So the mechanism is EM field propagation and the mathematical description of the voltage induced in the wire from Faraday's Law comes from applications of Stoke's Theorem. You can take note that EM fields propagate at the speed of light so the changing flux enclosed by a loop of wire does not in fact induce a voltage in the wire instantly but most of the time this doesn't matter -- assuming it's instant is the same assumption made in circuit analysis where E fields are assumed to establish instantly throughout a circuit.
    Last edited: Jan 11, 2013
  4. Jan 11, 2013 #3
    That's a good explanation aralbrec, but I just want to highlight the punchline since the OP may be missing the forest for the trees in some of your details. Also, this exact scenario is a great way of illustrating the deeper unification of electricity and magnetism.

    In the case of moving the circuit through the magnetic field (either rotating the loop or, a bit simpler, pulling a loop through an inhomogeneous field) the Lorentz force law is what causes current to flow. The electrons in the circuit have some velocity ##\vec{v}## which means they are subject to a force given by ##q\vec{v} \times \vec{B}##. As long as the total flux through the loop isn't constant, there will be a net electromotive force and current will flow. I.e. the electrons are being pushed around the circuit by the magnetic force.

    On the other hand, in the example you describe the electrons aren't moving (at least, not at first) so even if the magnetic field extended to the wire it wouldn't matter—since the magnetic field can't exert a force on stationary charges! Instead, the changing magnetic field induces an electric field which does reach the wire. The electric field lines around a solenoid on AC current looks like the magnetic field around a straight wire of AC current (ignoring the radiative effects aralbrec mentioned, which is justified by something called the "quasistatic approximation" you may have learned about). So as you can see, this electric field would run parallel to a loop of wire around the solenoid, and so the electrons are pushed around the loop by the electric field (alternating directions, of course).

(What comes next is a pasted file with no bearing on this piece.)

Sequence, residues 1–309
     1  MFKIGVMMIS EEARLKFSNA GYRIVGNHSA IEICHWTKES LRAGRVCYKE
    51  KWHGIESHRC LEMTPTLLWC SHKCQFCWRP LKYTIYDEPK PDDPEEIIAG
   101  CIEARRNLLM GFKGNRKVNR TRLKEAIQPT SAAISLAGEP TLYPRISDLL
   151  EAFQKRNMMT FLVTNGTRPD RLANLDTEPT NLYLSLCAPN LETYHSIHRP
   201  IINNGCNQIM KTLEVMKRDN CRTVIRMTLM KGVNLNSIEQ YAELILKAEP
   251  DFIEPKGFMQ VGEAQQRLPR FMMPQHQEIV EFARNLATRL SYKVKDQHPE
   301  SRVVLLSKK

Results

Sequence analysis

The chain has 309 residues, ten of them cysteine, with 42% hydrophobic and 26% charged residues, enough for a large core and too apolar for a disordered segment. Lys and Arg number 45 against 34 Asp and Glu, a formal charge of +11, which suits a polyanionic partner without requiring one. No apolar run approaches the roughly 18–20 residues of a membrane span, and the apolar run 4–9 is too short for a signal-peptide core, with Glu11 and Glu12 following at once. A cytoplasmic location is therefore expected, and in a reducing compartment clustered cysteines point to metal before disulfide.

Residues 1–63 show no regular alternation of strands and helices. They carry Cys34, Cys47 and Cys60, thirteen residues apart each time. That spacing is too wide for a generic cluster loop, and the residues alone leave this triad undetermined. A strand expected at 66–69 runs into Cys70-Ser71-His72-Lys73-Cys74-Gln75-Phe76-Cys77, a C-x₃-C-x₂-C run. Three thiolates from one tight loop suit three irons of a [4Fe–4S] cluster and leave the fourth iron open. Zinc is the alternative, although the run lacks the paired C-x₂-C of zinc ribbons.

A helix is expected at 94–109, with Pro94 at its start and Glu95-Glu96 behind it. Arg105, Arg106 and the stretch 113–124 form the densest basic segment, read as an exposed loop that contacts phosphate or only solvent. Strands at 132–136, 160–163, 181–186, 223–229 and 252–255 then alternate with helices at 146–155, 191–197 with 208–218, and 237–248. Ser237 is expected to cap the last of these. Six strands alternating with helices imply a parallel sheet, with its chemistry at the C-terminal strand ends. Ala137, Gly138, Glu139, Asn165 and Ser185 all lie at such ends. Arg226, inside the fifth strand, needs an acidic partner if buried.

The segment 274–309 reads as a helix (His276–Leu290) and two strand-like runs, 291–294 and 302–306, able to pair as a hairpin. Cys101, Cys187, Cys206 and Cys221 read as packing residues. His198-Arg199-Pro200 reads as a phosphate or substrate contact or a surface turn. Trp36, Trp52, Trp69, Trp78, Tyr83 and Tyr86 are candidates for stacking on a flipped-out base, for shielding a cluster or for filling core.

So electromagnetic induction is actually two different effects, depending on if the circuit is moving or the magnetic field is changing. What's remarkable is that they both give the same effect! For instance imagine instead of rotating a loop of wire in a homogeneous magnetic field, you held the wire in place and rotated whatever was causing the magnetic field in the other direction. In the first case, the magnetic field pushes the electrons around the loop, and in the latter case the induced electric field does. But you'll measure the same current in both cases! Of course, we later find out that this isn't an accident: special relativity both requires the same outcome both times since motion is relative, and it explains the seemingly odd coincidence by unifying the electric field and the magnetic field into a single electromagnetic field. Whether you see an electric field or a magnetic field depends on your velocity, but the outcome of any experiments you do will be the same—as it must be!
    Last edited: Jan 11, 2013